Dextre powered up using mechanical arm
Flight controllers have successfully used the International Space Station's robotic arm to power up a new addition to the space operation, a Canadian-built robot.
The robot, named Dextre, needed power to heat its joints, limbs and electronics in the frigid conditions of space, but the $200-million machine had been unable to power up since it was installed Thursday.
"Good news from the flight control room," Mission Control announced Friday night from Cape Canaveral, Fla.
"Dextre has power."
The successful power-up means NASA is on schedule for Saturday night's spacewalk to connect the robot's 11-foot arms to its torso. Once fully constructed, Dextre will become a helper for spacewalking astronauts and could ultimately take over some spacewalking jobs, cutting time and the potential risk to astronauts.
Canadian astronaut Julie Payette earlier in the day said the Canadian Space Agency engineers suspected the problem was due to a power cable connecting the robot's temporary carrier to Dextre.
The cable may have been picking up interference from other electrical devices on board the space station, said Payette at a press briefing at the CSA's headquarters in St. Hubert, Que.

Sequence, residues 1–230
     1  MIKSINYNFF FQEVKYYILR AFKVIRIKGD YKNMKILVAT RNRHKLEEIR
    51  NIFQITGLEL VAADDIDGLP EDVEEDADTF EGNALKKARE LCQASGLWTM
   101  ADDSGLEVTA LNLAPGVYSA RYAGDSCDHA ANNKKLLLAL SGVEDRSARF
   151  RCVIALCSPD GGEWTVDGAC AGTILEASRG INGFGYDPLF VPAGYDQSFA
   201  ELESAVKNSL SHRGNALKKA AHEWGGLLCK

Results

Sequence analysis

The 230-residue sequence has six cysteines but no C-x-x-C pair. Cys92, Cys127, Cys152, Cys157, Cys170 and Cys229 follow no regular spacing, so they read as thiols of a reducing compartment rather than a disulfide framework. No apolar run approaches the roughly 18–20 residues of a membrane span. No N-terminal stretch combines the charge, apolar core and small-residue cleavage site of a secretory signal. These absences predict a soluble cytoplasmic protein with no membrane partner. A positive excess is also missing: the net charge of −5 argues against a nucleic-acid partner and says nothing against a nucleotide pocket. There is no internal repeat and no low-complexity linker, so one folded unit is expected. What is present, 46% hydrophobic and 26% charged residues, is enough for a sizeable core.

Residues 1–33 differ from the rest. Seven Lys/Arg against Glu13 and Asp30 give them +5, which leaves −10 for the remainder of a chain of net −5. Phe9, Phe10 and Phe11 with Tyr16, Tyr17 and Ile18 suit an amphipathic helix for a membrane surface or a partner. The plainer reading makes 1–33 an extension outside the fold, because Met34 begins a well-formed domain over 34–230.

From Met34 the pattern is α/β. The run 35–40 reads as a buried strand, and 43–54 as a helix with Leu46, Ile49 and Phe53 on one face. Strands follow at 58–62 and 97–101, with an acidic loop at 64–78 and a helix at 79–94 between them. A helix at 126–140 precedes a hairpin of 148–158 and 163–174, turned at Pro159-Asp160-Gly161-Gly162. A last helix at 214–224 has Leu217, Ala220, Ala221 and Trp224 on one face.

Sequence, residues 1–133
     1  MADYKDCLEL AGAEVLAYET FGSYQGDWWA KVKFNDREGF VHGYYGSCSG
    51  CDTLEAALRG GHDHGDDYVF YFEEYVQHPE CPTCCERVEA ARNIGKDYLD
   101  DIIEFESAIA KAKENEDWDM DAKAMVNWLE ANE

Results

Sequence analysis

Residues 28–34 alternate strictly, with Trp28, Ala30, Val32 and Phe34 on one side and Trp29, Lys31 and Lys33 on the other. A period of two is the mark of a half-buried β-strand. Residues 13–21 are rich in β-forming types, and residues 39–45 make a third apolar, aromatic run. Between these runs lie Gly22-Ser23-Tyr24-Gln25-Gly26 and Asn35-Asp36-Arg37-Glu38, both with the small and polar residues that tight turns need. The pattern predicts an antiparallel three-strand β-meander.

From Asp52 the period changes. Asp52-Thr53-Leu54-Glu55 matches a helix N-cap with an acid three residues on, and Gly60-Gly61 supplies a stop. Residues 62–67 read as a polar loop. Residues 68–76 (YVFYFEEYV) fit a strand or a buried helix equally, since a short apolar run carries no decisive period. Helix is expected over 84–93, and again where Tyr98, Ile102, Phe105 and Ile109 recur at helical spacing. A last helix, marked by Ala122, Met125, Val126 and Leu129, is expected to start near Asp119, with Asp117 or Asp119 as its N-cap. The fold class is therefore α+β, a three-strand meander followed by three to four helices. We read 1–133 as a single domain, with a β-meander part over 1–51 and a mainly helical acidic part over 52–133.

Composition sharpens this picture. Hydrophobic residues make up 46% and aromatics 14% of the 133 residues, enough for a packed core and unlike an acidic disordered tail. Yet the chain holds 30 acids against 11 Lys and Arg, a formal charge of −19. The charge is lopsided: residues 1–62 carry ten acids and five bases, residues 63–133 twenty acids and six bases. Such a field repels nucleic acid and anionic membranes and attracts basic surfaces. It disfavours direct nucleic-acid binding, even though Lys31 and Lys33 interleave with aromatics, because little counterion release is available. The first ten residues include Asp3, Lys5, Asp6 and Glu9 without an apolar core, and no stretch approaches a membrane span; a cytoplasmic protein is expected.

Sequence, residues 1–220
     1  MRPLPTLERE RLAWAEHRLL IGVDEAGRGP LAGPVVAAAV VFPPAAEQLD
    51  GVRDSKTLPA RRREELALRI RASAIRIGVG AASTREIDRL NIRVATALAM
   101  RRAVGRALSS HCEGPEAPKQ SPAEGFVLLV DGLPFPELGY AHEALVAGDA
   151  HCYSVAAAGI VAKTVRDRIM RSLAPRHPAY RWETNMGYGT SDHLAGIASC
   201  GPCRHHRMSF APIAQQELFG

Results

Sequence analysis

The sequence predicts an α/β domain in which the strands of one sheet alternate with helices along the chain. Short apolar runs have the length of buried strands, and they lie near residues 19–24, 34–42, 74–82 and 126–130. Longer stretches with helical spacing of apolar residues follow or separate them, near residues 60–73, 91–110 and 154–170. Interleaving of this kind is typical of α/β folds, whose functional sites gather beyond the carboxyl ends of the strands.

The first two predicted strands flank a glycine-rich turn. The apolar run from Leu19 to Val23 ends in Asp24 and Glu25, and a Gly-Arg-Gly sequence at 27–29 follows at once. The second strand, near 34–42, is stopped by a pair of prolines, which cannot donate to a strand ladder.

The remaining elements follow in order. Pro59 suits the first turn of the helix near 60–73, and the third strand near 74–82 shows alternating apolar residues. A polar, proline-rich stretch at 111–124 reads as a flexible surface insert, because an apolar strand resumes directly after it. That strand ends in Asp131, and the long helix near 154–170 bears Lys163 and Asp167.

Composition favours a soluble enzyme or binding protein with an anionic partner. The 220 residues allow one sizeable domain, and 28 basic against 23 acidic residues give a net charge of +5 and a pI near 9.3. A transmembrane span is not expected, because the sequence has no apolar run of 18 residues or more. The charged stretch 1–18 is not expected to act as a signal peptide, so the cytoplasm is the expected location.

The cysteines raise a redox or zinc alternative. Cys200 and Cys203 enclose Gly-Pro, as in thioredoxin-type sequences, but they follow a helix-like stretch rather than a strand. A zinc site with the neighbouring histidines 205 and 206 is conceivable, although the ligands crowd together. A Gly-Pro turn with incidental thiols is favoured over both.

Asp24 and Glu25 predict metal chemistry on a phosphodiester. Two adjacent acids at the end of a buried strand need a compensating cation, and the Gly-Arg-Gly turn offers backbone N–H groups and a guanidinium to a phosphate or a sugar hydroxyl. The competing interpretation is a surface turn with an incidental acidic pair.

"We suspect there could be noise or electronic field emissions from the station," she said. "When we tested the connection from the ground, it tested fine."
Dextre arrived at the station on Wednesday aboard the space shuttle Endeavour. On Thursday the Canadarm 2 grappled the carrier or pallet housing the robot's main body and attached it to the railway system that allows the Canadarm 2 to move around the station.
It was after this task was completed that the problems began, as Dextre did not respond to commands.
Since the pallet housing the cable is temporary and scheduled to return to Earth aboard Endeavour, space officials don't see the cable as a long-term issue if it is indeed the problem.
To test the faulty cable theory, engineers used Canadarm 2 to grab Dextre on Friday night in an attempt to power the robot through the station's robotic arm.
Canadian engineers had suspected the trouble might be with a timer and created a software patch on Friday to resolve the possible problem. The patch, however, had no effect.
Astronauts Rick Linnehan and Michael Foreman are scheduled to exit the space station on Saturday morning to attach arms and other components to Dextre.
The 1,540-kilogram robot, when assembled, is 3.7 metres high. It's designed to help spacewalkers with some of their maintenance chores, with the goal of reducing the amount of time astronauts spend outside.
Earlier Friday, astronauts on the space station attached hands to Dextre and also used the Canadarm 2 to move the Japanese storage compartment from the space shuttle Endeavour's cargo bay and attach it to the space station.
The storage compartment is the first of three parts of Japan's Kibo laboratory. The main part of the lab is scheduled to arrive in May aboard the space shuttle Discovery.
With files from the Associated Press